Thursday, September 19, 2013

HOW TO GIVE NOTES (that people actually want to listen to)

Some creative people are quiet.

Some are outgoing.

Some are jerks.

Some are nice people.

The one thing all truly creative people have in common however, is that they care deeply about their work and how others perceive it.  Whether you are a director who is unhappy with the way an editor has cut something together, or a wife who is unhappy with how her husband painted the living room - you need get your point across.  You are in a disagreement, and you want it solved with as little headache as possible.

So how do you get them to see it your way without resorting to physical threats or force?  Here are my thoughts...

Consider this:

Why should somebody else (who has no knowledge of what is inside your head) believe that you know better than they do?  While you were away doing lord knows what, this other person has put countless hours into perfecting their work.  From there perspective there is no way you could understand what they are doing as intimately as they do.  To them, you are just a person who came in to judge something that you know nothing about.

Assuming you just know better is a very easy trap for any creative to fall into and nobody wants to take orders from somebody who knows less than they do.

So how do you overcome the trap?

LISTEN TO THEM

The person who tends to have the most authority on a project also tends to be the person who knows it the best.  Take the time to allow your collaborator to show you their work and explain their inspirations/ideas.  Ask questions.  Get deeper and keep your opinions to yourself until they are fully finished giving their side.  By doing this you are allowing 2 wonderful things to happen:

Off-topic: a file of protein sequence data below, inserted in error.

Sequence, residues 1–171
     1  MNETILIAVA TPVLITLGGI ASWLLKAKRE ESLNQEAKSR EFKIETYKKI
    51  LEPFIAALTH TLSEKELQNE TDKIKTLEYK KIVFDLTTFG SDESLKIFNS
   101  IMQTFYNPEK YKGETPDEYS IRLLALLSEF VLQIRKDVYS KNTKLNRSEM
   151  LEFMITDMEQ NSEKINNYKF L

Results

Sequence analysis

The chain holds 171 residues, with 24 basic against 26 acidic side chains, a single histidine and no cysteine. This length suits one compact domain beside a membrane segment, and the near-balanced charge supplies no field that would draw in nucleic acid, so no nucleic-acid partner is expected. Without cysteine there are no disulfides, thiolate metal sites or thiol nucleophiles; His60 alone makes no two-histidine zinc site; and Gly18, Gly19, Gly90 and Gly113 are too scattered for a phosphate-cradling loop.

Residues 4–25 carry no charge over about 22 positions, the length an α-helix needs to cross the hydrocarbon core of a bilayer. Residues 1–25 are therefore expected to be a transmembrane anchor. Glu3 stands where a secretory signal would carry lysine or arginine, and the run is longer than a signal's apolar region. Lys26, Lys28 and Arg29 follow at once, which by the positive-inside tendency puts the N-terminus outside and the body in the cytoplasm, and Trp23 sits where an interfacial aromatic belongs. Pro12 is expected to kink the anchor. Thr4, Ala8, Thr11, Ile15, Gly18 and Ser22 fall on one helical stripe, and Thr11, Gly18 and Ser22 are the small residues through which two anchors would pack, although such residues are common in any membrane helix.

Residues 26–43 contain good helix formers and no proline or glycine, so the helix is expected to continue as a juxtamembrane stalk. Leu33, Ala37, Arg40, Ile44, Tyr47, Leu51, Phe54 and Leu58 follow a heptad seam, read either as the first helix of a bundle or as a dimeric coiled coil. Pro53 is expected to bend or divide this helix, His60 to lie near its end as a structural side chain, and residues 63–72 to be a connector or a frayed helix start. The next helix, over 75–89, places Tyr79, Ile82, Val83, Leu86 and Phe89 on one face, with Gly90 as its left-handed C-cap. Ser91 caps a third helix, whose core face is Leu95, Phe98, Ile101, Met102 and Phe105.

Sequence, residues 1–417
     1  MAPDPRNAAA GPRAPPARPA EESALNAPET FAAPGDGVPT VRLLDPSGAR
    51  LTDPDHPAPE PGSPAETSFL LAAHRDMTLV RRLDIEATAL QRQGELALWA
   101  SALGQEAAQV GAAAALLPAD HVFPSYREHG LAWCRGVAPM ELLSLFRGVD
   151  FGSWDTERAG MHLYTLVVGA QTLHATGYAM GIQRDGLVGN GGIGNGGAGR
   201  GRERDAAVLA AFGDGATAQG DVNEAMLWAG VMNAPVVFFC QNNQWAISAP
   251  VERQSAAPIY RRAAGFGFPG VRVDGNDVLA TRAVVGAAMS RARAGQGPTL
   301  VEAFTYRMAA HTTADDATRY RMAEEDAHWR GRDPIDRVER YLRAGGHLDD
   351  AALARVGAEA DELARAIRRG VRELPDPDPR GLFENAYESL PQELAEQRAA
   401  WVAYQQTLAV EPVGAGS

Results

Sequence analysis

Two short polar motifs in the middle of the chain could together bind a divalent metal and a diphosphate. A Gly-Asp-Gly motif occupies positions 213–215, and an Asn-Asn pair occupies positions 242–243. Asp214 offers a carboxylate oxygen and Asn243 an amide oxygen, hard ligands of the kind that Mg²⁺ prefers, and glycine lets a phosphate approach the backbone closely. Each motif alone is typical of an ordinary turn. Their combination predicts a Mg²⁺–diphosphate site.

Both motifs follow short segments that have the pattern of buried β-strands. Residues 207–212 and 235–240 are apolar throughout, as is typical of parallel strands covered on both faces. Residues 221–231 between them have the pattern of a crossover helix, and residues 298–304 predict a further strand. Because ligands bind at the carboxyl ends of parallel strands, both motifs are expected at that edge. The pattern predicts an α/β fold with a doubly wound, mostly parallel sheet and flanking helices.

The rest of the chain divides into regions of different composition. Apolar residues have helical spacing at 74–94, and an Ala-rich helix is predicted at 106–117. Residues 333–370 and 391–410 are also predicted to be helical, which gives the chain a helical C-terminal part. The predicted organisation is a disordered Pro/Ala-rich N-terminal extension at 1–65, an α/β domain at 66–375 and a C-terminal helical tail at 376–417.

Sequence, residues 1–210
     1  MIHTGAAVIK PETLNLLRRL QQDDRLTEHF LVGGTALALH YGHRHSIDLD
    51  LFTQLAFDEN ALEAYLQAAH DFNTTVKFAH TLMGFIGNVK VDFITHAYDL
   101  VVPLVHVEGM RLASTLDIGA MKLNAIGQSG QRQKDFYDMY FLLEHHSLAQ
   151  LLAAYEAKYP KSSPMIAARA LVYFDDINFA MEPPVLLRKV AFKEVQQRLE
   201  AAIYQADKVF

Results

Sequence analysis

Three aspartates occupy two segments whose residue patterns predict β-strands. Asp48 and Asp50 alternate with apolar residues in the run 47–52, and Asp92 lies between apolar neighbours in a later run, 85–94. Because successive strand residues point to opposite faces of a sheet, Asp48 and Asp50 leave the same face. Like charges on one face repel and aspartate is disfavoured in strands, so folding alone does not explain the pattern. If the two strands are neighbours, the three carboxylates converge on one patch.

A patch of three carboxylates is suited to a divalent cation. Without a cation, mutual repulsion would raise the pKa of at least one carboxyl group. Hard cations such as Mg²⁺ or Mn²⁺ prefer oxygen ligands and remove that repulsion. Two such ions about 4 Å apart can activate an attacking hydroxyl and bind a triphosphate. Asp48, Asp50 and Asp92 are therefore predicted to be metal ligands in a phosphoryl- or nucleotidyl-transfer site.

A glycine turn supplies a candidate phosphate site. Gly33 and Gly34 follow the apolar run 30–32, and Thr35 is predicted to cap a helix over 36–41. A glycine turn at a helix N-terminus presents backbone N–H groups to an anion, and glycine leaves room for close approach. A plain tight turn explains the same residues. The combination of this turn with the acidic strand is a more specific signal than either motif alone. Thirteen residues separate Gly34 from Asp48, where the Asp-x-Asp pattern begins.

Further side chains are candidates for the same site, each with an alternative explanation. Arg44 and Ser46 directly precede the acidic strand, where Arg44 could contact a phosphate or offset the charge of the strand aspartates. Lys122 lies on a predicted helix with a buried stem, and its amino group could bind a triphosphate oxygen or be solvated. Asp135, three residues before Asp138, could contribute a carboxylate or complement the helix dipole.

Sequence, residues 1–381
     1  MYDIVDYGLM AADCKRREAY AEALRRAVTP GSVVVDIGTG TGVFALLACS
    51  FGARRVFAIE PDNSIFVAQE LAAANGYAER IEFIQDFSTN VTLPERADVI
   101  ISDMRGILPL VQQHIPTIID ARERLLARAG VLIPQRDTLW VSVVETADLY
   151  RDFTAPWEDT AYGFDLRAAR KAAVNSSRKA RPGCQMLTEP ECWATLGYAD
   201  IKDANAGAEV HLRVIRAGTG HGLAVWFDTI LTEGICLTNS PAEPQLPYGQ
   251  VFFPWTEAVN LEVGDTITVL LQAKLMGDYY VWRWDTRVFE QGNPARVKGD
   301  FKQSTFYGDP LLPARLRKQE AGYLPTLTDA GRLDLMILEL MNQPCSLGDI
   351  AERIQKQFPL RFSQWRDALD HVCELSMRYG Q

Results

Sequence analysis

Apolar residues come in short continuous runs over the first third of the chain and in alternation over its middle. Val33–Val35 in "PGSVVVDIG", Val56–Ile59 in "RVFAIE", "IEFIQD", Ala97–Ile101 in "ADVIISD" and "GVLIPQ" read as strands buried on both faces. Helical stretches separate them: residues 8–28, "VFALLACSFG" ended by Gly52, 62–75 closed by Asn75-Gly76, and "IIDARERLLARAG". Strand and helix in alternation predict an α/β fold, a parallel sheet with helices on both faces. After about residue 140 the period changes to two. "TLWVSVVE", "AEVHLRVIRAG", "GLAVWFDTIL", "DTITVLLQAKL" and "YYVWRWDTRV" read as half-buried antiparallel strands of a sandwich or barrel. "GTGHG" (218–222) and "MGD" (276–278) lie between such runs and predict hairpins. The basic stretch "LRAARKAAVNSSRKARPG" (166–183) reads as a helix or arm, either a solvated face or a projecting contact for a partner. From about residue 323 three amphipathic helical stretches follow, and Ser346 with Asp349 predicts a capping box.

1) You are absorbing everything that they have to offer and adding it to your arsenal.

2) You are demonstrating to your collaborator that you are listening to where they are coming from, you are taking the time to understand their point of view, and you deeply care about the work they have done.

Once your collaborator feels that they have given you all that they can, you are now in a position to make critiques.  You have earned this authority because you have absorbed everything they can offer you.  You now have both your experience to draw from, and theirs as well - meaning you have the most understanding.  You have the authority.

Now is the time to engage them on their level.  Remember what was important to them, what worked for them, and what did not.  Use this knowledge as your main tool to communicate your changes.  During the times when you just don't see eye to eye, it is helpful to tell them in detail what you like about their approach before telling them why your approach is a better fit.

Take the time.  Sometimes you will come out of the meeting with the exact same conclusions you had in your initial gut reactions.  Other times you will come out with something even better than what you had in mind.

It works.  I swear.

So next time you need to give notes and that urge to immediately rattle off everything that is wrong starts to bubble up - remember to listen first.  You will get your way in the end, and your collaborators will be happier for it.




1 comment:

  1. That is awesome. I think we have had this very discussion in the distant past. Nice job!

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